Sarah Sze: Triple Point
US Pavilion, Giardini, Venice
1 June - 24 November 2013
Review by Marie d’Elbée
A heap of organised horizontal and vertical lines become visible upon approaching the United States pavilion. Detaching themselves slightly from the building and the leafy trees, they evoke suspended tight-rope scaffolding or an ascending measurement structure. The thin coloured lines cut out geometric shapes into the air, organising invisible space. On the ground below, small objects, that could be coloured crumbs or leftovers from the aerial structure, are ordered, forming systems.
For the 55th International Art Exhibition, Sarah Sze (born 1969) presents her arachnid site-specific installation ‘Triple Point’. Coming from a painting and architectural background, the artist has been composing ephemeral in situ installations since the late 1990s, which manipulate space with ethereal sculptures involving myriad everyday objects.
‘Triple Point’ originally designates the perfect equilibrium of temperature and pressure at which the three phases, gas, liquid, and solid of that substance, coexist in perfect thermodynamic equilibrium. Triangulation, the process of determining a point by measuring the distance from three cardinal points, is also used to specify a unique location in space. These two ideas emanate from Sze’s installation as she hovers on the edge of equilibrium whilst attempting to ground a precise point in time and space.
From one space to another throughout the 1930s Delano & Aldrich pavilion, the installation unravels delicate hanging mobiles, pigments agglutinated like insects around sources of light, strings and napkins animated by fans and various found materials. The viewer is led to experiment within something analogous to a scientific model which oscillates between arranged time and space, and organised hoarding. The swarm of small details capsizes at times into the appreciation of the whole monumental structure. The work seems to grow organically like an abnormal garden attempting to merge with architecture and geometrical data. Twigs and branches are held in place or measured by stakes or scaffoldings: natural forms intertwined with architectural structures. The objects seem to behave as if they have a life force of their own.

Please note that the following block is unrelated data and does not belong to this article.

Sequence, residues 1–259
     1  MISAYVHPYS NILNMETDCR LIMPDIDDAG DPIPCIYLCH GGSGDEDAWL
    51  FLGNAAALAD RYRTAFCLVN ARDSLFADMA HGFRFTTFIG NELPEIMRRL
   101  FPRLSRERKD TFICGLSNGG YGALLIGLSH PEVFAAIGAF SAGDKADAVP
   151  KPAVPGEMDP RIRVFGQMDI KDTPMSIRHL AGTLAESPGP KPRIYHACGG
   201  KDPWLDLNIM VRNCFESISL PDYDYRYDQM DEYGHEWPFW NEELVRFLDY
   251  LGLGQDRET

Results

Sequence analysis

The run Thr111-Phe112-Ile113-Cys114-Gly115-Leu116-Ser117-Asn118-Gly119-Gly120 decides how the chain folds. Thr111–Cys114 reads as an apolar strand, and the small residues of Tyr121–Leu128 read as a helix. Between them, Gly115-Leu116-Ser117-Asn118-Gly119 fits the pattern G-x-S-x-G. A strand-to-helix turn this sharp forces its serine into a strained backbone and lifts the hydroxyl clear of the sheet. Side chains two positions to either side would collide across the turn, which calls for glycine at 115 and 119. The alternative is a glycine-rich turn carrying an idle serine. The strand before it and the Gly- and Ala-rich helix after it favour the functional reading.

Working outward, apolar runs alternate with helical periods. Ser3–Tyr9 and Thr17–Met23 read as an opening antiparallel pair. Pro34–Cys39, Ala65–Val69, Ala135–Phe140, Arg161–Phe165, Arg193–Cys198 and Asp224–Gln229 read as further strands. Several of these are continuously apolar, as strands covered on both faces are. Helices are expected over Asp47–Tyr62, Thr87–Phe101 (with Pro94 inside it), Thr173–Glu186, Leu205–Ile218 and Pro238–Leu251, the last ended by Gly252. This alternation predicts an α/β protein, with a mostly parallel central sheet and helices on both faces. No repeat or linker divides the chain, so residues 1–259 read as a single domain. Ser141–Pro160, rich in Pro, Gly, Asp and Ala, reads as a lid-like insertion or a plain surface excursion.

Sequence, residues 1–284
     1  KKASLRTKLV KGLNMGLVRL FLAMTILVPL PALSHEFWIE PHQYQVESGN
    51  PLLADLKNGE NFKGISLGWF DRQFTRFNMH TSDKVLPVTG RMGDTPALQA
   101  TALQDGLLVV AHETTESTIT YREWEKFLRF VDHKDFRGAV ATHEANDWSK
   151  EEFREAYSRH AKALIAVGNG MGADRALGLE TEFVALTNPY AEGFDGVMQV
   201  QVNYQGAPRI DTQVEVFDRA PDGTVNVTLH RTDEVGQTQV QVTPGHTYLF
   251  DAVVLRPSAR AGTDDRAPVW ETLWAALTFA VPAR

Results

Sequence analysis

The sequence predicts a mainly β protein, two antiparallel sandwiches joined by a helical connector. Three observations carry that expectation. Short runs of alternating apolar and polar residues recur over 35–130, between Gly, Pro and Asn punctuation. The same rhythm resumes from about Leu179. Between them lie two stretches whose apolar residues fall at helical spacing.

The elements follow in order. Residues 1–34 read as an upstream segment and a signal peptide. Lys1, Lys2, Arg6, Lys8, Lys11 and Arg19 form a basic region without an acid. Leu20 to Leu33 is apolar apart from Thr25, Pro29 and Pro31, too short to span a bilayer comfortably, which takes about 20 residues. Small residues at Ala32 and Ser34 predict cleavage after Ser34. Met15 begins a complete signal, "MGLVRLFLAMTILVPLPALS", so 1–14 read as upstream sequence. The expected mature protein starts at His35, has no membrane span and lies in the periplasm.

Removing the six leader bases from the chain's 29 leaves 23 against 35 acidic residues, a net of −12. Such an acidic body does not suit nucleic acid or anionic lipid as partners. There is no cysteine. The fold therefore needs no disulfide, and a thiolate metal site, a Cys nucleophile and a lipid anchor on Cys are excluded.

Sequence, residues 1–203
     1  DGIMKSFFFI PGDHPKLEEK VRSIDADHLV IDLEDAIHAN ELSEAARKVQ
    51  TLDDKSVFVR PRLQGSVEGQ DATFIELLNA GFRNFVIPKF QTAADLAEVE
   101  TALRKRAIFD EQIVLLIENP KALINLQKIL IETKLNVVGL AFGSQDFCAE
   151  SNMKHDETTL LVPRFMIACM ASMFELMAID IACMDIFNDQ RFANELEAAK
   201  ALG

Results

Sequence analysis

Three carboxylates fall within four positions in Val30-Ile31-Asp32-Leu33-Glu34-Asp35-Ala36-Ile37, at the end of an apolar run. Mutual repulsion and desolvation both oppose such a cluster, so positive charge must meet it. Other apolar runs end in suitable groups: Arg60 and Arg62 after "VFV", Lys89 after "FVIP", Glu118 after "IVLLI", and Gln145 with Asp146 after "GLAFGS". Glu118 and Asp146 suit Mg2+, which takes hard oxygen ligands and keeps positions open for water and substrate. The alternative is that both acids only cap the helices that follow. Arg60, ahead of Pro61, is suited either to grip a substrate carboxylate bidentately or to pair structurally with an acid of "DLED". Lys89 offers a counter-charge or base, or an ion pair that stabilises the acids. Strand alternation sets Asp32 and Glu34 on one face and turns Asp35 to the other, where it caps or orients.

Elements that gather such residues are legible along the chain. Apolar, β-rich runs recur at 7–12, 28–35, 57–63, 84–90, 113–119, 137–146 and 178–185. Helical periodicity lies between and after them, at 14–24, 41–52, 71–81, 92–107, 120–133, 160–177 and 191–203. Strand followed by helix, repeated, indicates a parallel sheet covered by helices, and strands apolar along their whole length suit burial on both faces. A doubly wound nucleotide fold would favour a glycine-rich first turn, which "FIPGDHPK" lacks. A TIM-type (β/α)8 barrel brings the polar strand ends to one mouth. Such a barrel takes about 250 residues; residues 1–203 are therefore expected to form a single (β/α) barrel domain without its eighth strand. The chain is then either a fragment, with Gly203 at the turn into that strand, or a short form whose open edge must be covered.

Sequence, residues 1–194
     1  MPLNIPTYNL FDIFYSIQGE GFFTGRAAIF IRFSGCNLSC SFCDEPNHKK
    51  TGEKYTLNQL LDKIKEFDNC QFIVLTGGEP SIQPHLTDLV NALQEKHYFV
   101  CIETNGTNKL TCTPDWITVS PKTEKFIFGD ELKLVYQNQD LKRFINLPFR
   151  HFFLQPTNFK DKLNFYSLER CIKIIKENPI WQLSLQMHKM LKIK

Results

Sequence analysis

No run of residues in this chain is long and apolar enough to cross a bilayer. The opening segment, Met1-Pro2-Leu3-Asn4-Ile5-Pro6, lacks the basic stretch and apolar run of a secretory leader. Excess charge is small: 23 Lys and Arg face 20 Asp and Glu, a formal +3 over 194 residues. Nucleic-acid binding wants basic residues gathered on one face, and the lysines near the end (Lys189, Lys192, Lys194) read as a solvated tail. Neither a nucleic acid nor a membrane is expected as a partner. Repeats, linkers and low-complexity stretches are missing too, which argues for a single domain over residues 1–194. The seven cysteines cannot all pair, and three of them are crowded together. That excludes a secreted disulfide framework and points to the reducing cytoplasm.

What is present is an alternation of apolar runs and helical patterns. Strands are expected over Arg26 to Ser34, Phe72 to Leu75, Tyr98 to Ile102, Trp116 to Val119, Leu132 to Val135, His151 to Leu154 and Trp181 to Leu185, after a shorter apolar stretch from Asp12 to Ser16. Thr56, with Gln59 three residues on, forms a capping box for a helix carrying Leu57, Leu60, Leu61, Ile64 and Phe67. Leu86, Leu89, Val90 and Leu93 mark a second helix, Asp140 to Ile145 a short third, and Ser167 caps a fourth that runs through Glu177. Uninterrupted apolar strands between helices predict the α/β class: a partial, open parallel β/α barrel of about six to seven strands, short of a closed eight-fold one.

The creative process is fundamental to the work. During the three installation months of the biennale, the artist has transformed the pavilion into an art laboratory. Fluttering movements are sought after by Sze; she uses fans to recreate the impression of unpredictable natural movement like the quivering of leaves and observes how her installations blend with a landscape or balance within a frame. She likes to incorporate local elements in her installations that will be recognised as coming from the site. The viewer is to perceive the accidents and changes of decisions, as well as the manner in which the work has been improvised in situ, as fully part of the final work. At the very core of the work is the distinction between art and life as the viewer shifts in and out, led from familiar to alien objects.
‘Central to the exhibition is the notion of the ‘compass’, and how we locate ourselves in a perpetually disorienting world”, said Sze. “Each of the rooms functions as an experimental site in which objects attempt to become instruments or assemblages that seek to measure or model our location in time and space. The aspiration to build models that capture complexity - and the impossibility of that undertaking - underscores this body of work.’
‘Triple Point’s interrelated ecosystems; ‘Gleaner’, ‘Planetarium’, ‘Eclipse’, ‘Orrery’, ‘Scale’ and ‘Pendulum’, are like cosmic rhizomes in teetering gravitation that could be among others ascending, descending, expanding or retracting.